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Lilies are a magnificent flower – a sublime addition to any garden.

But a small red scourge known as the lily beetle can put an end to your joy in no time.

Lily beetles, or Lilioceris lilii, are pesky creatures who will take a little effort to get rid of, so I thought I would give you a few quick tips.

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Methods

You can remove the eggs, larvae and adult beetles by hand, and it’s very effective if you have only a few lily plants. Pesticides can also be effective, but most will cause damage to the environment as well as other beneficial insects and creatures. Certainly do not spray when plants are flowering because you will affect pollinating insects.

Neem Oil and Spinosad are two environmentally friendly options that you could research.

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However, even with pesticides, you will probably still have to do some manual work to get rid of these determined little critters. I’d recommend wearing latex gloves for the extra grip, and because the larvae are slimy and covered in excrement.

Eggs

Eggs, which are orange-red and sausage-shaped, are laid in batches on the underside of leaves, and you have 7-10 days to catch them before they hatch. They are not that easy to crush, but you can either try to scrape them all off, or pull the whole leaf off and put it in soapy water to kill them.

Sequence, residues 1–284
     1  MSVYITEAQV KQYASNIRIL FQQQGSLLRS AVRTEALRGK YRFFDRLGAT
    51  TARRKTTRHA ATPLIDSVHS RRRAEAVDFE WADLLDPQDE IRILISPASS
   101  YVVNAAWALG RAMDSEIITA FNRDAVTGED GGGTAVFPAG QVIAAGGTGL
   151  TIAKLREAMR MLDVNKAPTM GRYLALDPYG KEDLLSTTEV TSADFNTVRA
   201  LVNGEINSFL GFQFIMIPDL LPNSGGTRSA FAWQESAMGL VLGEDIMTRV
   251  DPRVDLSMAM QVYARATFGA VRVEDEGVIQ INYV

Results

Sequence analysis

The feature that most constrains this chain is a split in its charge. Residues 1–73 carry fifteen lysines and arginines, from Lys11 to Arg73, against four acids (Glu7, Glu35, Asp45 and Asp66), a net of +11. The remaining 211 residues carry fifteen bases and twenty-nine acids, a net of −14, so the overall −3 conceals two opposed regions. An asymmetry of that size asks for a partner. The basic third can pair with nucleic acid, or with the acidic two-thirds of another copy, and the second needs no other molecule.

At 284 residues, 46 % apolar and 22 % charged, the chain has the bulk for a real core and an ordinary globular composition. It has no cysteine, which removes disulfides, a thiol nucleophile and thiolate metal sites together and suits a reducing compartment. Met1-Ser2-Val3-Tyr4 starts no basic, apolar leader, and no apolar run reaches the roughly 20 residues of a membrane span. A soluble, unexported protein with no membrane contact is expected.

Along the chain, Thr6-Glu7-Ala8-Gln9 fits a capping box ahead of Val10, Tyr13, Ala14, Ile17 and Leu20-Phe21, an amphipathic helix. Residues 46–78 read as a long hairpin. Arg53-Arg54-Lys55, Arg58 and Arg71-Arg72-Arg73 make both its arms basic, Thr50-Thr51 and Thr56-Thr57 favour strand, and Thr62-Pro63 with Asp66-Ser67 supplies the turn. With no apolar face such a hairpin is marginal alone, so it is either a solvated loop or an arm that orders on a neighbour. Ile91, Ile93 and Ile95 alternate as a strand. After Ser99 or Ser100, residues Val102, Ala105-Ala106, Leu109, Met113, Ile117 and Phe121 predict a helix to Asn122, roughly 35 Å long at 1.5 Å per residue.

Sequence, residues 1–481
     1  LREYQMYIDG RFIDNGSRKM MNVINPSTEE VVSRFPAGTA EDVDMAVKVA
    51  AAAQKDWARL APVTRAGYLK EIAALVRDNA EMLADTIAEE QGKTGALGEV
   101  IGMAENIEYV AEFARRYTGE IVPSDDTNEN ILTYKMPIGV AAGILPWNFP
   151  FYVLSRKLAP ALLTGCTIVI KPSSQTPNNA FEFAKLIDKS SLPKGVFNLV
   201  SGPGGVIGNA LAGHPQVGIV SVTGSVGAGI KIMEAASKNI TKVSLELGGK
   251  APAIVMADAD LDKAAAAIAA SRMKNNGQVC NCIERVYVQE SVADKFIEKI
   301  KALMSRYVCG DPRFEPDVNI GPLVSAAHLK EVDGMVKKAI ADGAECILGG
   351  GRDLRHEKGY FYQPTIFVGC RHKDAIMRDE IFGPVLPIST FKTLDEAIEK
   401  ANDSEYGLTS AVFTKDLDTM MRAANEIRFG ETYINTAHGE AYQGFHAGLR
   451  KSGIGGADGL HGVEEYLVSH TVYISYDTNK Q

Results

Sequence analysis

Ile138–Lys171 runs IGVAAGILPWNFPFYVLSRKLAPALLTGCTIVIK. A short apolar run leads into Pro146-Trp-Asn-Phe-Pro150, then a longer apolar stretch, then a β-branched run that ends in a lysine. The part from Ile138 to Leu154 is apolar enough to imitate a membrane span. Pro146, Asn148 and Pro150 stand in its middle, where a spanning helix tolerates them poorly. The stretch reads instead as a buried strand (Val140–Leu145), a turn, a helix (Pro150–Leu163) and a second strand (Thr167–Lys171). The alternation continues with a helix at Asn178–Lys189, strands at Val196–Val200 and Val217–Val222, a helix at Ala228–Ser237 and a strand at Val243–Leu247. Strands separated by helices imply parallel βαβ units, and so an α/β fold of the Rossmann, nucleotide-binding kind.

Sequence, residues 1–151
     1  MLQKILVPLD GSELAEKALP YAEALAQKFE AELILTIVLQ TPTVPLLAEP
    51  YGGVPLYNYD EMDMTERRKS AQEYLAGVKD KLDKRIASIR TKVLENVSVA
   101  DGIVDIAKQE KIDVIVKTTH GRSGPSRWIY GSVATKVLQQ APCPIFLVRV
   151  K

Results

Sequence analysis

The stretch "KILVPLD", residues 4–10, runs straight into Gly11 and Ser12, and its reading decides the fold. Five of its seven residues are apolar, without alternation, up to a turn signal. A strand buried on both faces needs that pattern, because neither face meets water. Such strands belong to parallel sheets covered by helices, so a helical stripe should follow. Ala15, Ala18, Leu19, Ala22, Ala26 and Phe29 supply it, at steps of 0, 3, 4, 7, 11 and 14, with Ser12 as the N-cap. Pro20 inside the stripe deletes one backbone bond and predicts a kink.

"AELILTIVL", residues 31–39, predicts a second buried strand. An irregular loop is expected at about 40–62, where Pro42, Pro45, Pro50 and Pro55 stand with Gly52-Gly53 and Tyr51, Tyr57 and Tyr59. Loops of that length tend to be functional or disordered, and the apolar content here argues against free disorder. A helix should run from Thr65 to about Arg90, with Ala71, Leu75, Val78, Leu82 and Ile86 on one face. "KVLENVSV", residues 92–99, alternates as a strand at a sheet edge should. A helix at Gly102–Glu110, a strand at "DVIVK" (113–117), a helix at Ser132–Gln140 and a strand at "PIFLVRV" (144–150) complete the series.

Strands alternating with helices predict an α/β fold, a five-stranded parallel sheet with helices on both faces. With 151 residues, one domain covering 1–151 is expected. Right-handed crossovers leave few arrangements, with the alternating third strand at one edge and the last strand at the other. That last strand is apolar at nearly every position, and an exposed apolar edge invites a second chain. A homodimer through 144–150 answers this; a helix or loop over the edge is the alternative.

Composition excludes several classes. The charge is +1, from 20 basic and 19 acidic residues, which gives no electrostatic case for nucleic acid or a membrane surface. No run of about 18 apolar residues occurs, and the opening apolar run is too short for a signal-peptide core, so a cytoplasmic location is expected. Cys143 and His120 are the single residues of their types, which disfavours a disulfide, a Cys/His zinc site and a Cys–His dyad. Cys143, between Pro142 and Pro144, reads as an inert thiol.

Larvae

Larvae are the most difficult to control, and the most resistant to sprays. If you have a lot of larvae you may have to patrol daily until they are under control. They are not easy to squash either, so you may find, again, that sometimes you want to take the whole leaf off and put it in a jar.

Adults

To catch the adult beetles you must be vigilant and fast. As soon as they sense movement, the speedy little creatures will immediately drop to the soil level and lie on their backs, which makes them very difficult to spot. Use this habit against them by holding a jar of soapy water under them and nudging them off the leaf. They will immediately fall into the water. Scout your plants several times a week, especially early in the season as the adults emerge from the soil.

For more info in the lily beetle check out this page from the RHS.